Feature: Six Of The Best – French Cinema | NARC. | Reliably Informed | Music and Creative Arts News for Newcastle and the North East

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Tyneside Cinema is providing film lovers of the North East the chance to revel in the very best world cinema has to offer. It started on Monday 13th June and runs through until Sunday 4th September, and you can read more about it here. It’s already taken you on a journey though Italy, and is currently offering up the best French cinema has to offer, from today until Tuesday 5th July, and you can read all about that here.

AmélieLa Belle Et La Bete, Francofonia, A Cat In Paris, Diva and a Vivre Sa Vie make up the line-up, but we took a look at six others you may also want to check out, with Six Of The Best that French Cinema has to offer.

One of the earliest and most influential examples of French New Wave film, it’s written and directed by Jean-Luc Godard. A wandering criminal and his American girlfriend are the thrust of this beautiful and daring work and was Godard’s first feature-length work and actor Jean-Paul Belmondo’s breakthrough role, and it all made for a monumental film.

Before Amélie, Jean-Pierre Jeunet put himself on the map with this brilliant, and darkly funny film.  Set in an apartment building in a post-apocalyptic France during an ambiguous time period; the story focuses on the tenants of the building and their desperate bids to survive. A colourful cast of characters make this a truly memorable movie that is always worth revisiting.

The Three Colours Trilogy
Three films in one here, as  Krzysztof Kieślowski presents Blue, White and Red. Three very different films, with two in French, one in Polish, and Academy Award nominations to boot. The story of each film is loosely based on one of the three political ideals in the motto of the French Republic: liberty, equality and fraternity. It’s tender, sharp film at its very best.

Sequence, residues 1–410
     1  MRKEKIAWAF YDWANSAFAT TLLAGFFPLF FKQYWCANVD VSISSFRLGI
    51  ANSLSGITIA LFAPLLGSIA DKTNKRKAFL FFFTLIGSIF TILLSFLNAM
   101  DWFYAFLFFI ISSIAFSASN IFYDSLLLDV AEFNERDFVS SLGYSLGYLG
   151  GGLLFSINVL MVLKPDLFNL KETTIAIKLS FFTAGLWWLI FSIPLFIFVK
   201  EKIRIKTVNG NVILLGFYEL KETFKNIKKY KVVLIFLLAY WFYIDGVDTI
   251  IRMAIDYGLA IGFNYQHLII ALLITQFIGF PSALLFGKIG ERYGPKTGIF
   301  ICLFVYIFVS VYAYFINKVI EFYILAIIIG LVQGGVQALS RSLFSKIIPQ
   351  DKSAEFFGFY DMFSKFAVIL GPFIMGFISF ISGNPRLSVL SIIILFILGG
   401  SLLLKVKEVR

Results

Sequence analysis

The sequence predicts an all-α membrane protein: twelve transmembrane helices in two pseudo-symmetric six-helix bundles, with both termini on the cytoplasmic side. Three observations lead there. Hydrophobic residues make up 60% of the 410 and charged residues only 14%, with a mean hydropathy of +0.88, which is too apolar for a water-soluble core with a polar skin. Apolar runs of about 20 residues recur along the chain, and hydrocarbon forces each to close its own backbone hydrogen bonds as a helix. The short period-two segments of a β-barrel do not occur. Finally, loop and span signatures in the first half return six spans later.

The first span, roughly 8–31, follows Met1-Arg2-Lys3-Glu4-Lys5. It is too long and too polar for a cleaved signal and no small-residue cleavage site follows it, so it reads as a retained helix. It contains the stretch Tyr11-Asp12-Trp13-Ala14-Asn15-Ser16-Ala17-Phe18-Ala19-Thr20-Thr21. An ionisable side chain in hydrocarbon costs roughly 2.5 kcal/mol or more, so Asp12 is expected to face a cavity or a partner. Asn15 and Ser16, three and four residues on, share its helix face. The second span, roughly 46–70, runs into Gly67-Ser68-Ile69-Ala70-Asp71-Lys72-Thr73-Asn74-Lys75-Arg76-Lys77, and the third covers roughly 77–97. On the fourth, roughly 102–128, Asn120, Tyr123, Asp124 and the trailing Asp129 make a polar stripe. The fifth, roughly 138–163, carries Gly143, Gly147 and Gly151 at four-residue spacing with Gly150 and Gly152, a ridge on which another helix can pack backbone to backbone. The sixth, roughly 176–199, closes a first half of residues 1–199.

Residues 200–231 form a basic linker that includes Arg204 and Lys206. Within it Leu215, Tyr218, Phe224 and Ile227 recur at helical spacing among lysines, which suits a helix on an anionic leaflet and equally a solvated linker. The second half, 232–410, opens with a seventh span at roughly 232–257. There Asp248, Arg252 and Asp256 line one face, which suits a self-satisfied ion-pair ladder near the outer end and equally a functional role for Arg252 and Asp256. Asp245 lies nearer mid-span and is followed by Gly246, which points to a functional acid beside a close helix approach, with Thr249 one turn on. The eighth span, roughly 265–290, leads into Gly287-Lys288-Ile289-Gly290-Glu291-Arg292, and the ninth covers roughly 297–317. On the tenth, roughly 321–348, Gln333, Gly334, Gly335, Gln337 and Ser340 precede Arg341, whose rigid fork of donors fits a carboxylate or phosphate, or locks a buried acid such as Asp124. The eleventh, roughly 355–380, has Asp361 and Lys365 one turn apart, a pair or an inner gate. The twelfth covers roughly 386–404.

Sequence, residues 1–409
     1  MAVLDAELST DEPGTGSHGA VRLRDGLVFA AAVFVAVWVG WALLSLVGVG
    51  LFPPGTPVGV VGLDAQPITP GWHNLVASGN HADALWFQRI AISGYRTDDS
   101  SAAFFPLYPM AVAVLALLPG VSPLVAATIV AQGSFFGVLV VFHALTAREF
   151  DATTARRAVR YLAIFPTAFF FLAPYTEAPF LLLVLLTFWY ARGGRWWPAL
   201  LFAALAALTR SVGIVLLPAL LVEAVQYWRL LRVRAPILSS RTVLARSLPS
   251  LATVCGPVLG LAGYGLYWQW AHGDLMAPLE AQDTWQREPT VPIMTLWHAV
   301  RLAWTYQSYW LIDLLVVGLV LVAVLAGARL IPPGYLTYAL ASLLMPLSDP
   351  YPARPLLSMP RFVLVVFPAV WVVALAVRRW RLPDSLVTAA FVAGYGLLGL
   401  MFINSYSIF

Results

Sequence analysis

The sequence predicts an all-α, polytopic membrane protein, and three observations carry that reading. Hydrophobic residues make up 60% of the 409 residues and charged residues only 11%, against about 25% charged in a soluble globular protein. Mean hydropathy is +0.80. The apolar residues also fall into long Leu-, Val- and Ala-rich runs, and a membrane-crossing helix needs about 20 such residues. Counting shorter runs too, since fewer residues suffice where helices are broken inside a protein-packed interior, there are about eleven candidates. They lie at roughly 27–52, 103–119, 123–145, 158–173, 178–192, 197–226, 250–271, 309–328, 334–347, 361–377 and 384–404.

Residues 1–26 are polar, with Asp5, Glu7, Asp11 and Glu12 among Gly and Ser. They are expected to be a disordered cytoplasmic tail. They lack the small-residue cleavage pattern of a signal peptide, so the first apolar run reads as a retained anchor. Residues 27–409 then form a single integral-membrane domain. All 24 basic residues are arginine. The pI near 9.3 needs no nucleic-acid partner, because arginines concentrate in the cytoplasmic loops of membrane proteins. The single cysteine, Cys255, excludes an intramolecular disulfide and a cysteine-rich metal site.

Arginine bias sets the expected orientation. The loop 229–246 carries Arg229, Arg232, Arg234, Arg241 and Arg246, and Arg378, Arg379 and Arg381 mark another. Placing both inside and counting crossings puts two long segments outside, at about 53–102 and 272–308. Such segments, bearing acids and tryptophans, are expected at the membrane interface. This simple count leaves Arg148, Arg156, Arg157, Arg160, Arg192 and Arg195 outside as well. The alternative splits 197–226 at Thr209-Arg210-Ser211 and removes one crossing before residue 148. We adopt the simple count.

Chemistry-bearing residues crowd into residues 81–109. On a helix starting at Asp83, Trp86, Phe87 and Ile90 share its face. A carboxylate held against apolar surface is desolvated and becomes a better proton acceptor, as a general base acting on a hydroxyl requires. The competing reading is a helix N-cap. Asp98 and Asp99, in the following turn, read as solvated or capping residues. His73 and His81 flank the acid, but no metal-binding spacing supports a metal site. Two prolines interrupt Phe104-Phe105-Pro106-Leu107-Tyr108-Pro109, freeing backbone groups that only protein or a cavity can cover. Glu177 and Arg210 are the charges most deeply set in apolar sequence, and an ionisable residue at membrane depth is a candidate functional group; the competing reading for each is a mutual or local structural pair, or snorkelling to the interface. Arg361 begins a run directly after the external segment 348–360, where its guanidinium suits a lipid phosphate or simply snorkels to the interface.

Betty Blue
You’ll have seen this poster on a wall at some point in your life. The 1986 movie based on the 1985 novel of the same name follows the volatile and impulsive Betty, as a would-be writer falls for the unpredictable woman played by Béatrice Dalle, tracking the moments as he slowly realizes that she is going insane.

Belleville Rendez-vous
The 2003 animated comedy film written and directed by Sylvain Chomet proved to be something of a surprise hit, and earned two Academy Award nominations in the process. It tells the story of Madame Souza, an elderly woman on a quest to rescue her grandson Champion, a Tour de France cyclist, who has been kidnapped by the French mafia and taken to the city of Belleville.

The City Of Lost Children
Another Jeunet film, but it would be foolish not to include this. The stylish sci-fi, fantasy drama follows a scientist in a surrealist society who kidnaps children to steal their dreams. Filled with some truly striking images, this is one that will utterly sweep you away.

There’s our six, but French cinema offers up so many more. You’d be wise to start at Tyneside Cinema with Amélie this weekend though and go form there, and with so much on offer, and a litany of classics to work your way through, your Passport To Cinema could offer you up some little off-shoot visits too.

Passport To Cinema – France runs at Tyneside Cinema, Newcastle from Friday 24th June until Tuesday 5th July.

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